Mon – Thur: 9AM to 9PM | Fri – Sat: 9AM to 5PM | Sun: 1PM to 5PM
4613 N Oketo Ave, Harwood Heights, IL 60706 | 708-867-7828
Mon – Thur: 9AM to 9PM
Fri – Sat: 9AM to 5PM
Sun: 1PM to 5PM
4613 N Oketo Ave
Harwood Heights, IL 60706
708-867-7828

4613 N Oketo Ave, Harwood Heights, IL 60706 708-867-7828

Mon – Thur: 9AM to 9PM | Fri – Sat: 9AM to 5PM | Sun: 1PM to 5PM

Criterion Collection: Dead Man

Each week we’re recommending a movie from the film lover’s favorite home video company, Criterion. The Criterion Collection is dedicated to gathering the greatest films from around the world and publishing them in editions of the highest technical quality with supplemental features that enhance the appreciation of the art of film. This week, Dead Man.

With Dead Man, his first period piece, Jim Jarmusch imagined the nineteenth-century American West as an existential wasteland, delivering a surreal reckoning with the ravages of industrialization, the country’s legacy of violence and prejudice, and the natural cycle of life and death.

Accountant William Blake (Johnny Depp) has hardly arrived in the godforsaken outpost of Machine before he’s caught in the middle of a fatal lovers’ quarrel. Wounded and on the lam, Blake falls under the watch of the outcast Nobody (Gary Farmer), who guides his companion on a spiritual journey, teaching him to dispense poetic justice along the way.

Featuring austerely beautiful black-and-white photography by Robby Müller and a live-wire score by Neil Young, Dead Man is a profound and unique revision of the western genre.

1995
121 minutes
Black & White
1.85:1
English
Spine #919

Special Features

  • New 4K digital restoration, supervised and approved by director Jim Jarmusch, with 2.0 surround DTS-HD Master Audio soundtrack
  • New Q&A in which Jarmusch responds to questions sent in by fans
  • Rarely seen footage of Neil Young composing and performing the film’s score
  • New interview with actor Gary Farmer
  • New readings of William Blake poems by members of the cast, including Mili Avital, Alfred Molina, and Iggy Pop
  • New selected-scene audio commentary by production designer Bob Ziembicki and sound mixer Drew Kunin
  • Deleted scenes
  • Jarmusch’s location scouting photos
  • English subtitles for the deaf and hard of hearing
Categories: Adults.

Criterion Collection: Dead Man

Each week we’re recommending a movie from the film lover’s favorite home video company, Criterion. The Criterion Collection is dedicated to gathering the greatest films from around the world and publishing them in editions of the highest technical quality with supplemental features that enhance the appreciation of the art of film. This week, Dead Man.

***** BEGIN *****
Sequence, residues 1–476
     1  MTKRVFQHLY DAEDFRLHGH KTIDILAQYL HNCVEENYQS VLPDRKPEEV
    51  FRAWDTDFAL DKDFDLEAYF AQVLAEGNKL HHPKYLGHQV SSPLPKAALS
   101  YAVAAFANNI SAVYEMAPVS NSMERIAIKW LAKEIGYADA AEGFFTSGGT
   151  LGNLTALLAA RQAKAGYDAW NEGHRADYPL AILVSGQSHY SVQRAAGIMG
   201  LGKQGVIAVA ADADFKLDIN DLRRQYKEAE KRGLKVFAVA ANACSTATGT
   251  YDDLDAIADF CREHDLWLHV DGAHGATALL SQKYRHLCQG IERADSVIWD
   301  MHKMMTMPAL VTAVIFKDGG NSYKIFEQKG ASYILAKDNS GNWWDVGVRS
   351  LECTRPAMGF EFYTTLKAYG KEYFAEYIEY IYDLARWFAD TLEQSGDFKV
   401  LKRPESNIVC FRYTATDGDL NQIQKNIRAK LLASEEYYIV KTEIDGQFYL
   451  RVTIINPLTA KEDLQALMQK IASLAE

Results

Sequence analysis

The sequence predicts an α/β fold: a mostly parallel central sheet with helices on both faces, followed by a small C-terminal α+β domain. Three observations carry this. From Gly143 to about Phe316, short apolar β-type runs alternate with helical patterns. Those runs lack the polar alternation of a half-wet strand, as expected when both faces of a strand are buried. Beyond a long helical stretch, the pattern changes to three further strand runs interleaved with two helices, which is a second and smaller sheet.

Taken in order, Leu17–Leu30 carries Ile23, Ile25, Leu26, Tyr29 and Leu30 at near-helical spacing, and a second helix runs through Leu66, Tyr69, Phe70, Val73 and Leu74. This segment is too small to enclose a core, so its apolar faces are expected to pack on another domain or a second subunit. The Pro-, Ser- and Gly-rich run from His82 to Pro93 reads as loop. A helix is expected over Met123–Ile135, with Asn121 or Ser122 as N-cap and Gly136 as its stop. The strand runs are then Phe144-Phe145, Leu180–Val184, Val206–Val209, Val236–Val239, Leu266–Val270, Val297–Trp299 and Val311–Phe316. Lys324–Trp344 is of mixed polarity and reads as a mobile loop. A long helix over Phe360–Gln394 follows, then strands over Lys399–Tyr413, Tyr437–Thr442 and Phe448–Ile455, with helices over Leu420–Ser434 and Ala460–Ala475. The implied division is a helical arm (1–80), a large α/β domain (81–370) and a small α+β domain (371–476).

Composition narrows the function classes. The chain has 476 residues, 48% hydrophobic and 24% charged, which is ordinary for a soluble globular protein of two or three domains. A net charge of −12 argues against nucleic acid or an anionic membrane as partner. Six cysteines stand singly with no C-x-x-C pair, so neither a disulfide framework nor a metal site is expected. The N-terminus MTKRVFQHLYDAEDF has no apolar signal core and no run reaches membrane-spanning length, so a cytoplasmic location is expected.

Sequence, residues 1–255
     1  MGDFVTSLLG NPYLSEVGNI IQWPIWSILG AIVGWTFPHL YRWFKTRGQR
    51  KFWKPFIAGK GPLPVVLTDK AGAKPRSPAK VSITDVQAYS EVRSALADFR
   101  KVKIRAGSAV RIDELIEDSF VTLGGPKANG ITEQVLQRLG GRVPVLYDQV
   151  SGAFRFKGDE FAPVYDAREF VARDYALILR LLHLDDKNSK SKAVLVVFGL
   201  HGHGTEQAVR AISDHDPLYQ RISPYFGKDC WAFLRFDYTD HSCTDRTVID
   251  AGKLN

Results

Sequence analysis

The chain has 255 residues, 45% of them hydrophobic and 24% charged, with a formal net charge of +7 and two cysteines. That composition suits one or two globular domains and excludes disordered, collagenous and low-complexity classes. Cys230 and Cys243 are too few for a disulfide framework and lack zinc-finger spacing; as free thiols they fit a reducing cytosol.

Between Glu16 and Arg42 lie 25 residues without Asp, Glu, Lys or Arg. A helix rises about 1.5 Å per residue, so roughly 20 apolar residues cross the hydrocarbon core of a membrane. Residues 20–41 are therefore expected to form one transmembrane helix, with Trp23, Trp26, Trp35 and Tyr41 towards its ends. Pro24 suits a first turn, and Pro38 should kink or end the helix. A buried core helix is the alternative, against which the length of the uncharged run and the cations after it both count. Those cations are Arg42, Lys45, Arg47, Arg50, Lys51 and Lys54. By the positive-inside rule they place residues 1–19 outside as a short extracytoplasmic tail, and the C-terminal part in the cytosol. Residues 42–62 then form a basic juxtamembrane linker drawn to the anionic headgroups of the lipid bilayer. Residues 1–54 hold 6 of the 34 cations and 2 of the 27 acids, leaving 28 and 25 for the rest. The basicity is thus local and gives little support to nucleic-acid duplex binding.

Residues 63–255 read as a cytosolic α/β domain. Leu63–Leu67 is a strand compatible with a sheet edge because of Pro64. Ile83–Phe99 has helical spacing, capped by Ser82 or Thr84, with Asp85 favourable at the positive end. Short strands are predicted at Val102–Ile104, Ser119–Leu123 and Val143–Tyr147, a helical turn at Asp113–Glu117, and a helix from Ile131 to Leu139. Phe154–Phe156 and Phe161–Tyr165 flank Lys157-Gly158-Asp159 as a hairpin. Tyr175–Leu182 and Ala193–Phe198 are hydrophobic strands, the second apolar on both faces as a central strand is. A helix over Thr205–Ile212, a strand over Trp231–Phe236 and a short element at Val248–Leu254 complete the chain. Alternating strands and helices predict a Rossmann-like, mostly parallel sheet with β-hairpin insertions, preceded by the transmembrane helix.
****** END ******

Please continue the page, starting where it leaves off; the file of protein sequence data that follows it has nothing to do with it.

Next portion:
With Dead Man, his first period piece, Jim Jarmusch imagined the nineteenth-century American West as an existential wasteland, delivering a surreal reckoning with the ravages of industrialization, the country’s legacy of violence and prejudice, and the natural cycle of life and death.

Accountant William Blake (Johnny Depp) has hardly arrived in the godforsaken outpost of Machine before he’s caught in the middle of a fatal lovers’ quarrel. Wounded and on the lam, Blake falls under the watch of the outcast Nobody (Gary Farmer), who guides his companion on a spiritual journey, teaching him to dispense poetic justice along the way.

Featuring austerely beautiful black-and-white photography by Robby Müller and a live-wire score by Neil Young, Dead Man is a profound and unique revision of the western genre.

1995
121 minutes
Black & White
1.85:1
English
Spine #919

Special Features

  • New 4K digital restoration, supervised and approved by director Jim Jarmusch, with 2.0 surround DTS-HD Master Audio soundtrack
  • New Q&A in which Jarmusch responds to questions sent in by fans
  • Rarely seen footage of Neil Young composing and performing the film’s score
  • New interview with actor Gary Farmer
  • New readings of William Blake poems by members of the cast, including Mili Avital, Alfred Molina, and Iggy Pop
  • New selected-scene audio commentary by production designer Bob Ziembicki and sound mixer Drew Kunin
  • Deleted scenes
  • Jarmusch’s location scouting photos
  • English subtitles for the deaf and hard of hearing
Categories: Adults.